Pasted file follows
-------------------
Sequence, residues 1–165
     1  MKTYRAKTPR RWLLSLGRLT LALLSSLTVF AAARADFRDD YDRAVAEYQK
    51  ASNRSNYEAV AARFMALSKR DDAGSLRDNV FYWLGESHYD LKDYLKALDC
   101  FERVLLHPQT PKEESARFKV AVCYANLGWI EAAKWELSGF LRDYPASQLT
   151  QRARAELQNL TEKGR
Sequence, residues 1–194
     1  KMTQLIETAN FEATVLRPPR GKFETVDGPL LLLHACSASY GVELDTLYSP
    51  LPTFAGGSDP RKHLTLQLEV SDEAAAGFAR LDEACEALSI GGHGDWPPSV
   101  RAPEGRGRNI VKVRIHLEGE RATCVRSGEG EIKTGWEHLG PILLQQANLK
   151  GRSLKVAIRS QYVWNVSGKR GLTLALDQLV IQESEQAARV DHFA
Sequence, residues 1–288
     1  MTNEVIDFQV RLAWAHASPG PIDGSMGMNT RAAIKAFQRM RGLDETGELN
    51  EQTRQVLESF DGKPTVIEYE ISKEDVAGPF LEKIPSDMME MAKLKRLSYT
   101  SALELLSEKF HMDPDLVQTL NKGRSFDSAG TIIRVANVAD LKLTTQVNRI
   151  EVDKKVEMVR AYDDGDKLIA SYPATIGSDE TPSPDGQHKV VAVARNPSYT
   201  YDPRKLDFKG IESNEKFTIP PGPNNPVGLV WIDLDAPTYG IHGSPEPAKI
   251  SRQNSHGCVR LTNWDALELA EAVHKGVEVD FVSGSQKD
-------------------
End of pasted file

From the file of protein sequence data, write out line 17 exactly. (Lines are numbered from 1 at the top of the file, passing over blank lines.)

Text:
   251  SRQNSHGCVR LTNWDALELA EAVHKGVEVD FVSGSQKD